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US Pattern 191o (1914 modified pattern) Canteen

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In 1911 the Army began searching for a method of manufacturing canteens that would not require paying royalties to A.G.M. for the patented spinning process of making seamless
aluminum canteens. By 1912 Rock Island Arsenal had developed a satisfactory technique of welding aluminum and went into production. The welded canteens were made in two halves that were welded together around the outer edge.

It should be noted that during the period from 1913 to 1917, the Aluminum Goods Manufacturing Co. manufactured canteens with German silver necks, chains, shackles and
sliding loops identical to the first canteens manufactured by Rock Island Arsenal, but with the same cap as on the earlier canteens. Some of these canteens were purchased on state contracts and were used by National Guard units. In 1914 Rock Island eliminated the neck ring and replaced it with an improved neck with a lug which secured the cap chain with a small pin. In addition, a new cap was added with a domed top and knurled side.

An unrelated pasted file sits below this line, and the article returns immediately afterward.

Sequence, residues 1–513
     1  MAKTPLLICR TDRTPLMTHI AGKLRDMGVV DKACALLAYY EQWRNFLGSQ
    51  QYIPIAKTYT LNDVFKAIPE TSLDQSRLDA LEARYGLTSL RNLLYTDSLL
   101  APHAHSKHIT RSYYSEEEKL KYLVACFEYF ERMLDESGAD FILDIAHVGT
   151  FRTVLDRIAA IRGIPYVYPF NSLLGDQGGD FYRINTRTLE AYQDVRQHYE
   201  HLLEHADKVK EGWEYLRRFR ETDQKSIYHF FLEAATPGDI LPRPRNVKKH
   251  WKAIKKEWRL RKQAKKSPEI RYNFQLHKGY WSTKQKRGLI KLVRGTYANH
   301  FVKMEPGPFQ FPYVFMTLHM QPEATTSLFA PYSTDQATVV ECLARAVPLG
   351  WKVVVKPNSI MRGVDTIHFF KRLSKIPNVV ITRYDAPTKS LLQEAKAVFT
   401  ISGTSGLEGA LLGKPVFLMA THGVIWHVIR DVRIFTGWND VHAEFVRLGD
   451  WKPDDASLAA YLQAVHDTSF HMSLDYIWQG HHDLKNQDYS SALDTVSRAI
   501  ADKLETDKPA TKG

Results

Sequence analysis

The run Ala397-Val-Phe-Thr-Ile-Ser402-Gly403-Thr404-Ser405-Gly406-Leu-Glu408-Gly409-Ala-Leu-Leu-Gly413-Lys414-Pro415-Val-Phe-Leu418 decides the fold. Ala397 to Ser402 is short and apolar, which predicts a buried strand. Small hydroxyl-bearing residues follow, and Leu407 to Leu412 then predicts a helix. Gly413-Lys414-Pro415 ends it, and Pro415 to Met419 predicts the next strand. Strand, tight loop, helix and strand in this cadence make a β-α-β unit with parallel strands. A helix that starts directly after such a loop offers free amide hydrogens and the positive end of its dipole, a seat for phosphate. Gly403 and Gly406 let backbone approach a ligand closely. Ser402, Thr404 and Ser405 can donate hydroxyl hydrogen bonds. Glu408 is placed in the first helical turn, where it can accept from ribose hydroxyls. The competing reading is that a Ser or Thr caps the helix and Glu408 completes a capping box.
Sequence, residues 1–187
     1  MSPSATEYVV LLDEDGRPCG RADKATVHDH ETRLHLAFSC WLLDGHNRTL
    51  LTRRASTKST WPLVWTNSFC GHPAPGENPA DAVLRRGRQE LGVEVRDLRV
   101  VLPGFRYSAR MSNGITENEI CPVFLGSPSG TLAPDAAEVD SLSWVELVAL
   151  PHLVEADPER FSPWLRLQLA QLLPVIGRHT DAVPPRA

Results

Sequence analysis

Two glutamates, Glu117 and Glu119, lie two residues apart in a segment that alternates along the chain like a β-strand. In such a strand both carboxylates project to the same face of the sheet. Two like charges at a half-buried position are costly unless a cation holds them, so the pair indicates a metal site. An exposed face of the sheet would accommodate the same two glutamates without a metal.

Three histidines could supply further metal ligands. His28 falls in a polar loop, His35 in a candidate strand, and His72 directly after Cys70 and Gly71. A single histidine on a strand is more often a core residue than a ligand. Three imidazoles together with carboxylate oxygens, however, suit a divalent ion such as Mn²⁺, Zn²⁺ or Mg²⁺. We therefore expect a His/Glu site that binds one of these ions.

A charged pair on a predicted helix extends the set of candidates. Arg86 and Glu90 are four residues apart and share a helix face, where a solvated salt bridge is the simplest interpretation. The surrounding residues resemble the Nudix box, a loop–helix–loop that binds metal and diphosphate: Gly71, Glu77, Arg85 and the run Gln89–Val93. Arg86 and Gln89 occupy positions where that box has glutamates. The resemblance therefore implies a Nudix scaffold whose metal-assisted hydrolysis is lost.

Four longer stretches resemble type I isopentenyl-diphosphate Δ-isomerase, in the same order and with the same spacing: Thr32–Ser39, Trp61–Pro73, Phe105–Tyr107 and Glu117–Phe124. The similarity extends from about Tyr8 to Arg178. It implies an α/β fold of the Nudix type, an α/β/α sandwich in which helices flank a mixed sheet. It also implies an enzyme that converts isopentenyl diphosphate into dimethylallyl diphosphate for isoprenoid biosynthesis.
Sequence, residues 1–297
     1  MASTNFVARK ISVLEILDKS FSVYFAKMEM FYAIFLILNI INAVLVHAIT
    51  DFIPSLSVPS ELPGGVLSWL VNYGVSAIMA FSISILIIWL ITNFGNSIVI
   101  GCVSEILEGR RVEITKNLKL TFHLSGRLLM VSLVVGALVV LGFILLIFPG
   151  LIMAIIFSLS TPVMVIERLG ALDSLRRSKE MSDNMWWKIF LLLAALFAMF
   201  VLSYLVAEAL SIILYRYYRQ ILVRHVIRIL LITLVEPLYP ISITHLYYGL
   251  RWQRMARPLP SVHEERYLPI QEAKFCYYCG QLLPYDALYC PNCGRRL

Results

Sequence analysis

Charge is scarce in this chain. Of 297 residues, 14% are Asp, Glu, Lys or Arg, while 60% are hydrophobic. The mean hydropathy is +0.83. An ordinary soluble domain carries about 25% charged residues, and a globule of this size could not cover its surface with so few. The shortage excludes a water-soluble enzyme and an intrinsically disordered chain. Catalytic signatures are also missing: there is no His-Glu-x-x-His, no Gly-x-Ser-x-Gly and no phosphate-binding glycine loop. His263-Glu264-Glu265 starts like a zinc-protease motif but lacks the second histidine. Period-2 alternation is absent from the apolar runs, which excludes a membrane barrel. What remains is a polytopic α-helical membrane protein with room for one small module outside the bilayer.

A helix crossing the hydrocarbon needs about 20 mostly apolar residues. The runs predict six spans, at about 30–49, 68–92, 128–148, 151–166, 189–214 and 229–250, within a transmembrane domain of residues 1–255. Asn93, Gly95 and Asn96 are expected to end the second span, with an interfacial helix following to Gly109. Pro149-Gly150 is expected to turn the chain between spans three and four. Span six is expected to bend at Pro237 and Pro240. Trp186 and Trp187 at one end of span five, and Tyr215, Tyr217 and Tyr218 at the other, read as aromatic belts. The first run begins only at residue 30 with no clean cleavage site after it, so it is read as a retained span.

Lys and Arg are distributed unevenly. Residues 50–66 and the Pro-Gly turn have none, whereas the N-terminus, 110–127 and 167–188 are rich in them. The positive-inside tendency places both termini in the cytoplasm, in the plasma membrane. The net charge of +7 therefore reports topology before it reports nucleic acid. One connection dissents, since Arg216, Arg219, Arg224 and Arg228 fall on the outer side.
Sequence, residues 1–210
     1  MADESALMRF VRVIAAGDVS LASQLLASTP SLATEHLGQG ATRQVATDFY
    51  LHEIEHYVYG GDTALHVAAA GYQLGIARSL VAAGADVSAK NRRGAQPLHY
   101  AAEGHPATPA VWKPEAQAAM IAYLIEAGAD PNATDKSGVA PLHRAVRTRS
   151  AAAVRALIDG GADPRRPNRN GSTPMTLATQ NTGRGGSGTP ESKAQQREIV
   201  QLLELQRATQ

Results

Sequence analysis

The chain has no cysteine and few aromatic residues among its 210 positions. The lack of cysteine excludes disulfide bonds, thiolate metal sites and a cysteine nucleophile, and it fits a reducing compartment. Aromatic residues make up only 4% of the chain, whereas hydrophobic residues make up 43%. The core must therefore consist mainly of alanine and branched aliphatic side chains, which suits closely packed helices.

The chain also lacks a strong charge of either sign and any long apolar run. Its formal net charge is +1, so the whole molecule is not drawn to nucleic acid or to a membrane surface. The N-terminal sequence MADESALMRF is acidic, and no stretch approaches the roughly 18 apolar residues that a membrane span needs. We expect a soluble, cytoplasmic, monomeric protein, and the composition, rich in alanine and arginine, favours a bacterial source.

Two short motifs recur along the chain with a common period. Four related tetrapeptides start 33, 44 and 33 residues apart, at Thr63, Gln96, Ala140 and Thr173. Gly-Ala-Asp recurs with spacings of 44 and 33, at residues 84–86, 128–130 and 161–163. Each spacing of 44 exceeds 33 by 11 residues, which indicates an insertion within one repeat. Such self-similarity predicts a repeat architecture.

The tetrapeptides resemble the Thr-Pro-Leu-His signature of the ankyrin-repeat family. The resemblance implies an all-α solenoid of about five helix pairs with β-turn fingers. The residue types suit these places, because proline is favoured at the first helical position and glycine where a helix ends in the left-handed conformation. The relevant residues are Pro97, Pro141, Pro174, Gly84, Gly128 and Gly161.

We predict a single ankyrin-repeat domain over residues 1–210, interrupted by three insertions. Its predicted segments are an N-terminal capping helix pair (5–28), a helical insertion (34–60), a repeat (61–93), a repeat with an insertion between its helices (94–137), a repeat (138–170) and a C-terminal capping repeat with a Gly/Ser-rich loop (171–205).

During World War I, the Quartermaster Corps assumed responsibility for individual equipment including canteens. In 1918 the Quartermaster Corps contracted for canteens to be manufactured by five domestic companies. These canteens were manufactured using the specifications that Rock Island Arsenal had developed for the welded body with the 1914 cap and neck improvements. In addition, the aluminum was treated during the manufacturing process to reduce reflection. The known World War I manufacturers of M-1910 canteens include: The Aluminum Company of America (ACA); Aluminum Goods Manufacturing Co. (AGM Co); Buckeye Aluminum Co. (BA Co.); J. W. Brown Co. (J.W.B); Landers, Frary & Clark (L F & C). 

The Canteen below is the M1917 pattern dismounted carrier, which had the lift the dot fasteners and a brass web belt holder on the back. Inside the carrier the cup was located at the bottom in which the canteen would be inserted. The canteen in marked "US AGM Co 1918". The cup is also marked the same as the canteen. Note the difference in how the canteen was welded together versus the M1910 model. The canteen below was the most common type found on US soldiers in WW1. 














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